Currently, there are many research activities worldwide for developing new materials and alternative manufacturing processes in order to improve the performance of lithium-ion batteries, especially for mobile devices and electromobility. Important aspects for prospective technologies are resource conservation, environmental protection and safety. In addition, batteries should be produced sustainably and cost-effectively with large throughputs.
An anode material that is currently being investigated is porous silicon layers. Replacing the currently used graphite materials by silicon promises an almost tenfold increase in the specific charging capacity of the anode. However, the charging and discharging process leads to an enormous change in volume of the silicon and therefore to a rapid mechanical and electrochemical destruction of the material compound and thus to cell failure.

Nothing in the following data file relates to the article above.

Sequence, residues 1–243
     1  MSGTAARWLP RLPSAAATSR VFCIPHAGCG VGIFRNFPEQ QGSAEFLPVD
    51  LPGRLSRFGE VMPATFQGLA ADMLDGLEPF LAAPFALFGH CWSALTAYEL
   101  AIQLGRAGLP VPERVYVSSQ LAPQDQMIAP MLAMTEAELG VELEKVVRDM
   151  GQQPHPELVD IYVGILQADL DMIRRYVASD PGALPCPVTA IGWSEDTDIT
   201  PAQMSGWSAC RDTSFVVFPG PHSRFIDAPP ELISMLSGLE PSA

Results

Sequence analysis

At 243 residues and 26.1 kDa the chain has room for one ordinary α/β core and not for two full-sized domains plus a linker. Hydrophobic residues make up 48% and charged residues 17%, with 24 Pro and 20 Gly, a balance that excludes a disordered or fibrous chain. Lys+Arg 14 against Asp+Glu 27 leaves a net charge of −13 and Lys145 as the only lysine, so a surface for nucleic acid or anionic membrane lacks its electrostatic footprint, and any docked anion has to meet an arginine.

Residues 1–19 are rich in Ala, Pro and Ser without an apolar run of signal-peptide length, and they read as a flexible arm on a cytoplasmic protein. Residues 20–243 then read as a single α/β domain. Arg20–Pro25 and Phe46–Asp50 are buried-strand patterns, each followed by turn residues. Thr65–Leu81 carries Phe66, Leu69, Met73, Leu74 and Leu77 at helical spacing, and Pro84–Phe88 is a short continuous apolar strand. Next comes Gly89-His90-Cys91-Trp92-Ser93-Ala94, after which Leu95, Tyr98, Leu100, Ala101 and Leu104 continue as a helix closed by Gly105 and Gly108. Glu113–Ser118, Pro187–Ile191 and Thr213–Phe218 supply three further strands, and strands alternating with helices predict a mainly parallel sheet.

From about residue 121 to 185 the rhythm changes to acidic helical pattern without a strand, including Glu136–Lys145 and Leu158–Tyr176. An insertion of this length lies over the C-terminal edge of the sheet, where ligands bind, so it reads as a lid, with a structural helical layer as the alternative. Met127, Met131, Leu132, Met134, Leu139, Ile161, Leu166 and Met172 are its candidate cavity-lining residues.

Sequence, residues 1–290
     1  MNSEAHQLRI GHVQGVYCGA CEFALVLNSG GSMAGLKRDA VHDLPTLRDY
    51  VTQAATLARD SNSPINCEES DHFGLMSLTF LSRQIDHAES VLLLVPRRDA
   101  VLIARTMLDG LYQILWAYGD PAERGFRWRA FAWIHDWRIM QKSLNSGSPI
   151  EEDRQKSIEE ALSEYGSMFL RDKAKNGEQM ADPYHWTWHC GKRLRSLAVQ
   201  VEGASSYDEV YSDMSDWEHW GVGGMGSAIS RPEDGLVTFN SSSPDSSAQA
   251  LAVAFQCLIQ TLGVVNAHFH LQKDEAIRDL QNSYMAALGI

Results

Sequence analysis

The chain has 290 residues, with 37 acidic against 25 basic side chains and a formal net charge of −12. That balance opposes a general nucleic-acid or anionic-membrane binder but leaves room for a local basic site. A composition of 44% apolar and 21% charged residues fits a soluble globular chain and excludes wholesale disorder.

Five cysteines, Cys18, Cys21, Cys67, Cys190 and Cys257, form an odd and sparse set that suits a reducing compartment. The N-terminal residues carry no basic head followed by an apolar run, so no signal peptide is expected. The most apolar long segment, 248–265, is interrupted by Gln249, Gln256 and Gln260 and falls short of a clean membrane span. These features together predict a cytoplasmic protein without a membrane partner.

Dr. Stefan Saager from Fraunhofer FEP explains the innovation: "We have developed a process in which silicon and zinc are simultaneously deposited on metal substrates. By applying a subsequent heat treatment, the zinc re-evaporates from the layer and pores are generated at the locations of former zinc grains. The porous structure in the silicon provides adequate space for its expansion during charging process and thus capacity fade is minimized. The porous structure can be manipulated and optimized to the specific battery requirements by adapting process parameters. The zinc can be collected and reused in the conceived process." The porous silicon layers show an encouraging battery performance, which is demonstrated by an initial charging capacity of more than 3,000 mAh/gSi and a comparably good cycle stability.
The expertise of the Fraunhofer FEP lies in the coating of metal substrates and foils with zinc and silicon, which is possible with very high coating rates in conventional non-toxic vacuum processes. These processes enable high throughput and low manufacturing costs. At the Fraunhofer IWS, the electrochemical properties of the porous coatings were characterized.